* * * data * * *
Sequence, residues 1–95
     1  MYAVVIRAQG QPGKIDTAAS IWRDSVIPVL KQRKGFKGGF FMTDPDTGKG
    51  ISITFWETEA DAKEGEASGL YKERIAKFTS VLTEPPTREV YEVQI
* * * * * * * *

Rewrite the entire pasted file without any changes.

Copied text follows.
Sequence, residues 1–95
     1  MYAVVIRAQG QPGKIDTAAS IWRDSVIPVL KQRKGFKGGF FMTDPDTGKG
    51  ISITFWETEA DAKEGEASGL YKERIAKFTS VLTEPPTREV YEVQI